New Developments in Marijuana Research
One of the most exciting aspects of marijuana legalization involves new research into all aspects of the production and use of cannabis. For the last 80 years, marijuana research in the U.S. was primarily an underground affair. People experimented with new ways to grow or new medical preparations. But because of prohibition, information traveled slowly, if at all. It might take years for patients in Iowa to hear about new medicines in California, or for growers in Texas to hear of new developments in Oregon.
The rise of the internet, with chat rooms for patients and growers and YouTube videos on just about everything, has helped spread this important information. But the specter of prohibition has scared many people from using these sources of information.
Legalization has already begun to shift this dynamic. The Colorado Board of Health recently announced it would provide more than $8 million to fund research into medical marijuana. The new grants will fund studies on whether marijuana helps treat epilepsy, irritable bowel syndrome, brain tumors, Parkinson’s disease, chronic pain and post-traumatic stress disorder. Strong evidence indicates that cannabis can be a powerful medicine for a number of maladies. We look forward to seeing more proof from these new studies.
In another sign of how accepted medical marijuana has become, the Mount Sinai Health System, one of New York’s most prestigious and highly regarded hospitals, will participate in a clinical study on the efficacy of certain types of cannabis on severe forms of epilepsy. The study will be conducted along with Tilray, a British Columbia medical marijuana company that is currently licensed and operating in Canada. As recently as a year ago, it would have been unthinkable for an institution like Mt. Sinai to become involved in this type of study. As with the Colorado studies, we hope this will add to the growing body of proof of the efficacy of medical marijuana.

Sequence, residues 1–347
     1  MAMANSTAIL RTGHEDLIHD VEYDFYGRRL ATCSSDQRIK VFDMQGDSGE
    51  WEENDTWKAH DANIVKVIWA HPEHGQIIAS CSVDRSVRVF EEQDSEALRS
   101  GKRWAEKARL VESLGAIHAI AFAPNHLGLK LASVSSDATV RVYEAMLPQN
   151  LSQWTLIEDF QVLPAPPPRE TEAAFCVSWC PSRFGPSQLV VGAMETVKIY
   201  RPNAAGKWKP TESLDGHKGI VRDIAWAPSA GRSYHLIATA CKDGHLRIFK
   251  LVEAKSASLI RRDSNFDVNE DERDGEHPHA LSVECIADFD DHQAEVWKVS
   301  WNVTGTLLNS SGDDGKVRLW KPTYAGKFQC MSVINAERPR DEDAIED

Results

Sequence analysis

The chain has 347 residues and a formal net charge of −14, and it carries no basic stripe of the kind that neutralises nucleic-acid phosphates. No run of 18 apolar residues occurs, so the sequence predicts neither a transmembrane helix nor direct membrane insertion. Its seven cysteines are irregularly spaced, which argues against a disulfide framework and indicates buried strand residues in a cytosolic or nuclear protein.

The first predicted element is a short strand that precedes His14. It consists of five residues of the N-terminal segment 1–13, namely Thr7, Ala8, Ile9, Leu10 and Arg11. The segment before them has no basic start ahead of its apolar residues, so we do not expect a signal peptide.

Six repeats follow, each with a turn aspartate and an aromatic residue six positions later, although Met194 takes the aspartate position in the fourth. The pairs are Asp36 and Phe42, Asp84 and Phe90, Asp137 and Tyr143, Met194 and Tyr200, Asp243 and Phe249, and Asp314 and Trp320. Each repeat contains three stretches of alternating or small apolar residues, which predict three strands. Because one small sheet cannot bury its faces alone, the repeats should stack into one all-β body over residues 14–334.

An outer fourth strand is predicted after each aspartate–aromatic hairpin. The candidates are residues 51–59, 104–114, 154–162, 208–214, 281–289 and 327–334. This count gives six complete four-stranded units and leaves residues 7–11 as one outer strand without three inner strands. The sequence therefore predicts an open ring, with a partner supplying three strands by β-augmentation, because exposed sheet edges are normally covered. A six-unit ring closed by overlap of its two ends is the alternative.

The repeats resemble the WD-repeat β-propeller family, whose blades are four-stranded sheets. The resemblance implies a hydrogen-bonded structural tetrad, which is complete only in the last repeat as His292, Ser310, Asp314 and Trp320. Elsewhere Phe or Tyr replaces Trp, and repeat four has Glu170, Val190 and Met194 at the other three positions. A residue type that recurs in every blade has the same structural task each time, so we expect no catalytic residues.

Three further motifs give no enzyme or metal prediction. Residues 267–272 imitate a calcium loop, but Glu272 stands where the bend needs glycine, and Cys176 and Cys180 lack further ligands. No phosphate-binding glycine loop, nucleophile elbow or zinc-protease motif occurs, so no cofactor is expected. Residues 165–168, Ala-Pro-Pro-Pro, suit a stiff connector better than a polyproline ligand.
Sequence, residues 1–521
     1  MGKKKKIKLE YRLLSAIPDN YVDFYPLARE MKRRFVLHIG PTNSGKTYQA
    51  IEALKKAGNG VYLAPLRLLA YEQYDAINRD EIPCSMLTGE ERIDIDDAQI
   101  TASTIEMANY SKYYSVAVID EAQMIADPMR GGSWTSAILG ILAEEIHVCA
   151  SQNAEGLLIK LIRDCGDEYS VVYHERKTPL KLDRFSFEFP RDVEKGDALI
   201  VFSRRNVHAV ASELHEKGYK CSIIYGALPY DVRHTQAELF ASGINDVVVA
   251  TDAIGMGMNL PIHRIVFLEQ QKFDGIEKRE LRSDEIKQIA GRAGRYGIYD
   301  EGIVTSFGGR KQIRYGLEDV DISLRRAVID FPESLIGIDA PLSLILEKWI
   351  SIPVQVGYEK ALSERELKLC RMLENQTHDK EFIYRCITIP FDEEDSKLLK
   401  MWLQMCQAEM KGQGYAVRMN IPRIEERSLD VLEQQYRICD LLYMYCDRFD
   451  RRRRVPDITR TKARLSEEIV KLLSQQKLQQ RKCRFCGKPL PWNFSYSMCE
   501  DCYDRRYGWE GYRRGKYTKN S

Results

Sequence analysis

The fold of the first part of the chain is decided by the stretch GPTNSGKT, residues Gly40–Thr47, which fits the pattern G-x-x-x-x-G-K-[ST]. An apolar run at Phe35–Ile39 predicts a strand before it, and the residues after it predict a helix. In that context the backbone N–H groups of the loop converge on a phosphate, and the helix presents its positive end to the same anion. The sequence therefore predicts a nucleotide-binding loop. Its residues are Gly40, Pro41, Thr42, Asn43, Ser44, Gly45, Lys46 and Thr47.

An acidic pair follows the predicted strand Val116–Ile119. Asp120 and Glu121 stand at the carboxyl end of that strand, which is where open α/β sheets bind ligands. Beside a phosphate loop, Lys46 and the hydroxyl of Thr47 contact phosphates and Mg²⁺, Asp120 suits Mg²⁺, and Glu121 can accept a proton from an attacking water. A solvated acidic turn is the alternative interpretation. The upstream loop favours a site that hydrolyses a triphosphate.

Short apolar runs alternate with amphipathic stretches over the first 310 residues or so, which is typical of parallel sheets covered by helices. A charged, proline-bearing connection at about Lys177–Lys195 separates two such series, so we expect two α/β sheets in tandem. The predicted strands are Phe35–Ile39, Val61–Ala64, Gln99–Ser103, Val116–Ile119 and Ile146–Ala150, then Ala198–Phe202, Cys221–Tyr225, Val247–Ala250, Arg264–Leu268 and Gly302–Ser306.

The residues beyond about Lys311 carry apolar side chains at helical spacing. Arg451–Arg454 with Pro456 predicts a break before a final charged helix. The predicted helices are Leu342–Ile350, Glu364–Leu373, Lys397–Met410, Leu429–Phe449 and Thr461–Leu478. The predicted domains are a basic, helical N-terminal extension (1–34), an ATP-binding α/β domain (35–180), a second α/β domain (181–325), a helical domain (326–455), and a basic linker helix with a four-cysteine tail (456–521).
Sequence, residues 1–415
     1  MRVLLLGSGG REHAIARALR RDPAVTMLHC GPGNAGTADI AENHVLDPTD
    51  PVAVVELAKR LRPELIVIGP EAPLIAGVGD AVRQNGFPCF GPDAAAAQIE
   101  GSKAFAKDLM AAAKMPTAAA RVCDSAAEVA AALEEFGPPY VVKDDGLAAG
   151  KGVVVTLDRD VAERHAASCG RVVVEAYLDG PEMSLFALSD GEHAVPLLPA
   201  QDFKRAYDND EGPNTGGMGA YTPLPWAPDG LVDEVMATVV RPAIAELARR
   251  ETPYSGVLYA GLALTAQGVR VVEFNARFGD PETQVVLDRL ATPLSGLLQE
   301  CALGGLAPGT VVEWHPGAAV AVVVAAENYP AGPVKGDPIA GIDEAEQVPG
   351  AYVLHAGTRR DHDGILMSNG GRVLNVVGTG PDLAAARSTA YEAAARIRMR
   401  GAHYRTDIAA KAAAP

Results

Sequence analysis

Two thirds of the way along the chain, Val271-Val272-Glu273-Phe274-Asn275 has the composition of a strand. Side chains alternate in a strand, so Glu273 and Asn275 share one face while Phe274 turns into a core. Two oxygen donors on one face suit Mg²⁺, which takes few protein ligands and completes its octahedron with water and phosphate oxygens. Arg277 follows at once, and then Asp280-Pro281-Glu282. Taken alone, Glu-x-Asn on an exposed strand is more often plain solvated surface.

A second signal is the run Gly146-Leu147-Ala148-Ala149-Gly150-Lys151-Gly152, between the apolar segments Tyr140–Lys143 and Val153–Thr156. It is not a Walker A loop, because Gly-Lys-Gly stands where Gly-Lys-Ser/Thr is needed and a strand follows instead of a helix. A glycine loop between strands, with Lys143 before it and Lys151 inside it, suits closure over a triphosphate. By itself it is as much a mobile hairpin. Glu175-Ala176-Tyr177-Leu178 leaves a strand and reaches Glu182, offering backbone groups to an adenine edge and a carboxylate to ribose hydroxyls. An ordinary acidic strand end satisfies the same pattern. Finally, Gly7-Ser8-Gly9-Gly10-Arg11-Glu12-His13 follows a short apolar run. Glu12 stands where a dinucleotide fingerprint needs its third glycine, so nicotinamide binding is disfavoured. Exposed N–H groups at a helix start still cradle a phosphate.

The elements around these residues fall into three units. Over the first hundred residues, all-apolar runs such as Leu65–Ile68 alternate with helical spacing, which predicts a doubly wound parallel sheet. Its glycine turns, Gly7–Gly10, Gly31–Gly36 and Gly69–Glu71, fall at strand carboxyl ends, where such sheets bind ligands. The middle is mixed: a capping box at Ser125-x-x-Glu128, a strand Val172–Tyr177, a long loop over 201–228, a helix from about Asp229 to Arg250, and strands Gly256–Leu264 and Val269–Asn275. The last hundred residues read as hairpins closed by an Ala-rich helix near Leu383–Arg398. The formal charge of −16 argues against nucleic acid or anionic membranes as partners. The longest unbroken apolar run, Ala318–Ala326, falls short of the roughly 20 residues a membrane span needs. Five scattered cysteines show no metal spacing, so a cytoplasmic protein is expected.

Medicine is not the only fertile ground for research. As cannabis cultivation becomes big business, advances in growing techniques have begun to take flight. We have seen everything from new lighting technologies and fertilizers to new growroom brains that monitor all aspects of growing. Greenhouse growers are combining the free power of the sun with supplemental lighting and environmental controls to produce “grindoor” cannabis that may be the wave of the future.
At Pure Green, we have watched and participated in the evolution of cannabis research over the last 25 years. We have been frustrated at times by the lack of information and encouraged at others by the resilience of our community. Right now we are licking our chops as we contemplate the future of cannabis research. We have seen our knowledge of how to produce and use this plant multiply in the last few years and we can only imagine what the next few will bring.